Sure, the world economy is going to hell in a hand basket but I know that all is not lost. Today I received 13 pieces of junk mail; letters, flyers, catalogs, offers.
Someone somewhere is spending money to get me to spend my money. All that mail has one thing in common. Labels. And my address.
Despite living in the 21st century labels and addresses are important to Mac users, and it is easier than ever to use a Mac to create your own mailing lists (not email; the real kind, you know, the kind delivered by snails) and print labels and addresses.
One thing I like about progress in the 21st century is our ability to take the obvious, use it every day, then discard it, and bring in something new only to find out what’s new is pretty much like what’s old.
My favorite envelope, address, and shipping label software has been BeLight’s Mail Factory. This handy little utility made it easy for Mac users to create, select, and print mailing labels using Address Book.
That was then and this is now. Out with the old, in with the new. Mail Factory is just oh so 2004. Enter Labels and Addresses from BeLight. It’s still the home and office tool to print labels and envelopes.
Think of it as Mail Factory with a new label, and all shined up, polished for the new year—2009, but a few weeks early.
I know what you’re thinking. You expected Apple’s Steve Jobs to mention Labels and Addresses in his Macworld 2009 Keynote Presentation, right?
Uh, the good news is that Labels and Addresses is here already. The bad news is that Steve won’t be giving the keynote presentation at Macworld. Oh, and one more thing. It’s the last Macworld for Apple.
What all this means is, well, one thing—change. Mail Factory still does envelopes, labels, and batch printing using Address Book, Microsoft Entourage or Excel or a bunch of other apps that can spell l-a-b-e-l.
Labels and Addresses comes with 50 Bitstream fonts, over 24,000 clip art images and a nifty utility that lets you roll your own designs, so to speak. Print price tags, labels, industry standard codes and barcodes, sufficient to do a whole inventory.
Barcode options include USPS POSTNET, Canada Post, and Royal Mail, and does formats for over 50 different countries. Create labels from templates or create your own.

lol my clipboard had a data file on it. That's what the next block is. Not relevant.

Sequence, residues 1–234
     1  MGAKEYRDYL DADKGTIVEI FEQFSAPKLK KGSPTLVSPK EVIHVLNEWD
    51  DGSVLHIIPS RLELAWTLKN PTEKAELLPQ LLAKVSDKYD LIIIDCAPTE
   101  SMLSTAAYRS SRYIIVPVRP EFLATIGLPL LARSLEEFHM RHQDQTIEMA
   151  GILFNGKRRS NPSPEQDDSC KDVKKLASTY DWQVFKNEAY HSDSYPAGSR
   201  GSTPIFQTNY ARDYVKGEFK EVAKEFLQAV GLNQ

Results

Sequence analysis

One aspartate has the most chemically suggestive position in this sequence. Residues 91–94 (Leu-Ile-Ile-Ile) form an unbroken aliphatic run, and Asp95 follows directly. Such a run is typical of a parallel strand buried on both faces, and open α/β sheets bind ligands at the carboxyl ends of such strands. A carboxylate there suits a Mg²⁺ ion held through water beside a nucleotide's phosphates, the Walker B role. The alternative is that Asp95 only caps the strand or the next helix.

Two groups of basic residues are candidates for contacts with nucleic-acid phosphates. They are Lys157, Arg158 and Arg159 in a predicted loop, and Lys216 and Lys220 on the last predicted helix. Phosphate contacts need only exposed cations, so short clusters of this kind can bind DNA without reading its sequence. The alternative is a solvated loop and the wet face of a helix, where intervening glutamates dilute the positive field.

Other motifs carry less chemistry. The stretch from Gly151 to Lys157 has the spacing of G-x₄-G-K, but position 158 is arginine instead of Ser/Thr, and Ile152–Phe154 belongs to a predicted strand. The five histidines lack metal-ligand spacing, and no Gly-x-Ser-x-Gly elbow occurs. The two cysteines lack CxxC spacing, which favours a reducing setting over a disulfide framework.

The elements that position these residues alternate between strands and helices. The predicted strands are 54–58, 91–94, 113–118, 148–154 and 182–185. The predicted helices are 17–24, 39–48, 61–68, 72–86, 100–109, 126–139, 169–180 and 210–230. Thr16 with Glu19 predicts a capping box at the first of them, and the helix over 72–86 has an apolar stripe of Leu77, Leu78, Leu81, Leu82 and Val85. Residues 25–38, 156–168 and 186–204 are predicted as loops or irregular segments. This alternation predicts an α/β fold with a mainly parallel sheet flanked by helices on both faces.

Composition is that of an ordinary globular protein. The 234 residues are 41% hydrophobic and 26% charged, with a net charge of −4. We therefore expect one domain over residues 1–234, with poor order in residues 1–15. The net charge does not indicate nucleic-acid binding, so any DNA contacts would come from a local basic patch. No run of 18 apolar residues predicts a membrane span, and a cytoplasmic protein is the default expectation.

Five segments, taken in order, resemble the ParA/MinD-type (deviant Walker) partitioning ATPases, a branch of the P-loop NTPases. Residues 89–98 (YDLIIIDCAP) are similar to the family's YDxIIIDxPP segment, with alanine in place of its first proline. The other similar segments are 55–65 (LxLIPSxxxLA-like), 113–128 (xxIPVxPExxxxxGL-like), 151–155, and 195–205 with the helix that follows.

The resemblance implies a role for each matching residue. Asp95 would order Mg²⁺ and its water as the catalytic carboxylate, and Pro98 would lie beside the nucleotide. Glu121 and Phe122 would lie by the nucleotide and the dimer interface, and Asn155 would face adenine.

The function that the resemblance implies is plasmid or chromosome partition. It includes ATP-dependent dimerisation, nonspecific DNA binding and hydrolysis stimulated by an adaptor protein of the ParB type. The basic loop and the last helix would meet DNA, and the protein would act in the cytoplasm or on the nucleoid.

How about all those labels you can buy at Staples or Office Depot or OfficeMax or wherever you buy such things? Labels and Addresses prints on those, too; whether US, European or Asian (I have a call in to my friends in South America).
The funny thing about snail mail is that it’s still alive and well all over the world. This holiday season my family has received a bunch of mail—holiday greeting cards, bills, sales flyers, catalogs, pure junk mail, deceptive junk mail.
All used labels. Some even used labels with tricky fonts to make the label look like real handwriting. I smile and throw those away without opening them first.
Simply put, if you’re a Mac user and you want to do real addresses on real labels you have plenty of options. Plenty. Address Book will print labels and addresses. Microsoft Word will print labels and addresses.
But, if you’re a feature-holic and crave the ability to do far more than mere mortal man can by hand, for a mere $50 you can use Labels and Addresses to print labels and addresses. Or postcards. Or CD/DVD art. Or invitations.
Mail Factory was one of my favorite Mac utilities. Just as Macworld was one of my favorite fodder boxes for news and rumors and hope. Both are gone forever. All that’s left is Labels and Addresses and memories of Steve Jobs’ and One More Thing™.